"The appointment of Bob Gainey marks a new page in the Canadiens history," said Montreal President Pierre Boivin. "His experience as a player, a coach and a general manager, his professional expertise and his personal qualities along with his profound knowledge of the National Hockey League will be a major contribution to the continued improvement of the Montreal Canadiens."
Gainey, a 16-year veteran who played his entire career with the Canadiens, built the Dallas Stars into an elite NHL franchise. He spent 10 seasons as general manager of the Stars, building teams that won five straight division championships, two Presidents' Trophies, and a Stanley Cup championship in 1999.
Now he hopes to restore the Canadiens to their former glory.
"I have fond memories of the 16 seasons that I played with the organization and of the Montreal fans," said Gainey, who will take over a team that went 30-35-8-9 last season. "The Canadiens have a great winning tradition and together with Andre Savard, we are going to do everything possible to develop a winning team."
Gainey stepped down as general manager of the Stars on Jan. 25, 2002.
"I appreciate everything Bob has done for me personally and professionally," said Dallas GM Doug Armstrong. "I wish him nothing but success with the Montreal Canadiens."
Gainey held the dual role of coach and GM from 1992-96. He was appointed coach in June 1990 and in 1991, led the Minnesota North Stars to the Stanley Cup Finals, where they lost to the Pittsburgh Penguins.
"Bob Gainey is a consummate professional and a winner," said Dallas owner Tom Hicks. "I talked to Bob last night and thanked him for everything he has done for our organization these past 12 years. I wish him the best in his new opportunity with the Montreal Canadiens."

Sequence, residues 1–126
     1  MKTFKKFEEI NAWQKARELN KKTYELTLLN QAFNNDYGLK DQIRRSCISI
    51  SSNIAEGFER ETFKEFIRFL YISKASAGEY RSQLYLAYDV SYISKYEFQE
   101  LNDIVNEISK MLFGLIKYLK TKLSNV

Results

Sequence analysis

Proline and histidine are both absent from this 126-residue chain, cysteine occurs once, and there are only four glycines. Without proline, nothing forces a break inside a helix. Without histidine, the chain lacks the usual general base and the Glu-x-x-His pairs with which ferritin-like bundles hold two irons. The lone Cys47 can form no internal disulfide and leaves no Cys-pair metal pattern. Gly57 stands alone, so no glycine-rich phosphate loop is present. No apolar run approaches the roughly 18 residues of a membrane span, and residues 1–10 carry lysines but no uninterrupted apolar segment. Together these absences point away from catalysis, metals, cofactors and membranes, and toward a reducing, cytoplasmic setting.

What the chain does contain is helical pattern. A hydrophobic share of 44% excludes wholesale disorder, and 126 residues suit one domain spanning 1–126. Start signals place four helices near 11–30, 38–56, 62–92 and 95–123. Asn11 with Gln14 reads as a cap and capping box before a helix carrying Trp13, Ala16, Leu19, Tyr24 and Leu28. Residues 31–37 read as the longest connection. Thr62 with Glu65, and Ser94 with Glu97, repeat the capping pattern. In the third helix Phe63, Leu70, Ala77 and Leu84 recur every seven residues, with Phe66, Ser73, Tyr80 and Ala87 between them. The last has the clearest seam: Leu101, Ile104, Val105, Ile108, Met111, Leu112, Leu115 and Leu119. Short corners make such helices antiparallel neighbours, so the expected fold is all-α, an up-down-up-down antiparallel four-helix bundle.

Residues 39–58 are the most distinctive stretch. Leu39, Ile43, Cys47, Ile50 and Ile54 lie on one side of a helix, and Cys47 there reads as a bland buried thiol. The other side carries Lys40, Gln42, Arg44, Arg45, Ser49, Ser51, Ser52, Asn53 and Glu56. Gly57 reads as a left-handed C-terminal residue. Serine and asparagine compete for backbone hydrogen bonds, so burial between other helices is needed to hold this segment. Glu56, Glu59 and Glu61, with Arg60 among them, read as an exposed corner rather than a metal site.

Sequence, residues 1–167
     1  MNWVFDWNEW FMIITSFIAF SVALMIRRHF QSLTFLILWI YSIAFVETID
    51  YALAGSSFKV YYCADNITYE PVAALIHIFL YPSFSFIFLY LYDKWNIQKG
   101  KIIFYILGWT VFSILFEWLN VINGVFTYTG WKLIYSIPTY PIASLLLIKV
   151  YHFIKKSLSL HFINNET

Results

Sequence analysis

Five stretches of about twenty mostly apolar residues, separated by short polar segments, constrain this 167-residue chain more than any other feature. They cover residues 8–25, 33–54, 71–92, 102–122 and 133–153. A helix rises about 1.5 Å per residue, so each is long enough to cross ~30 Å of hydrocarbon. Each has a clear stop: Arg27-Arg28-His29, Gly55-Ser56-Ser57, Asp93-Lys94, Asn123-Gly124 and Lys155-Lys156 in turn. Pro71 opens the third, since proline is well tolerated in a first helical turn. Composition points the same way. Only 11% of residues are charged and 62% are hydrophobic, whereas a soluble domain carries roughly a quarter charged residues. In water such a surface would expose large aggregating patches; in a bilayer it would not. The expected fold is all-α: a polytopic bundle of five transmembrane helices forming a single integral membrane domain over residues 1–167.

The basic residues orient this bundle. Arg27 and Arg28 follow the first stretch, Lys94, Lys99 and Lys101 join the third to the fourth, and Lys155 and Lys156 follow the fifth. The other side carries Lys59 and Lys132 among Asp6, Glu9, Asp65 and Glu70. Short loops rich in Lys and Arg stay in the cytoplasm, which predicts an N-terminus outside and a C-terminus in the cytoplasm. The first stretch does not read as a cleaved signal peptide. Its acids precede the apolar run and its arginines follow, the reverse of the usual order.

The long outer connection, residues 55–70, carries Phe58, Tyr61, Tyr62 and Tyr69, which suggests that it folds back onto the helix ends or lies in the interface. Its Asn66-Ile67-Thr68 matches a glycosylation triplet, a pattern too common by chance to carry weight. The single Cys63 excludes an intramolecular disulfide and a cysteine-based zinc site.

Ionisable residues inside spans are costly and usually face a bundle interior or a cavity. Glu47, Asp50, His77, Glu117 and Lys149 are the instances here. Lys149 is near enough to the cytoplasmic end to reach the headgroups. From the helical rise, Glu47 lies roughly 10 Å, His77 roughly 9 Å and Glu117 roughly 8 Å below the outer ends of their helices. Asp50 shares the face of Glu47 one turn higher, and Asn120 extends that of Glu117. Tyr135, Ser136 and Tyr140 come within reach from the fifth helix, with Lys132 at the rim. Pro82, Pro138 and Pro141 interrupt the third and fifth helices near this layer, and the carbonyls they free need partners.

Gainey, elected to the Hockey Hall of Fame in 1992, was a four-time winner of the Selke Trophy as the league's best defensive forward. He collected 501 points in 1,160 games for the Canadiens, served as team captain for eight seasons, and won the Conn Smythe Trophy in 1979.
Blackhawks ink Vorobiev
CHICAGO, June 3 (UPI) -- The Chicago Blackhawks Monday signed right wing Pavel Vorobiev, their first-round pick in the 2000 draft.
Taken with the 11th overall choice, Vorobiev is one of Chicago's top prospects, but he injured his knee in Russia during the 2000-01 season and underwent surgery.
He returned to Russia toward the end of the 2001-02 season, collecting three goals and two assists in nine games with Yaroslavl in the Russian League. Last year, the 6-foot, 190-pounder scored 10 goals and added 18 assists in 44 games.
"Our signing him is a major step forward to our youth program," said Chicago General Manager Mike Smith, who did not release terms of the agreement. "It is also an indication of how he has overcome major knee surgery two years ago. We are optimistic that this is just one of several signings of our young prospects that we will announce this summer."
Vorobiev, born in Karaganda, Kazakhstan, played for Russia in the World Junior Championships three times. He had two assists in three games in 1998-99 in the under-18 World Juniors, but recorded eight points in six games in the tournament next year.
Two years ago, he had five points in seven games in the under-20 World Juniors.
The Blackhawks went 30-33-13-6 last season to finish in ninth place in the Western Conference, well out of a playoff spot.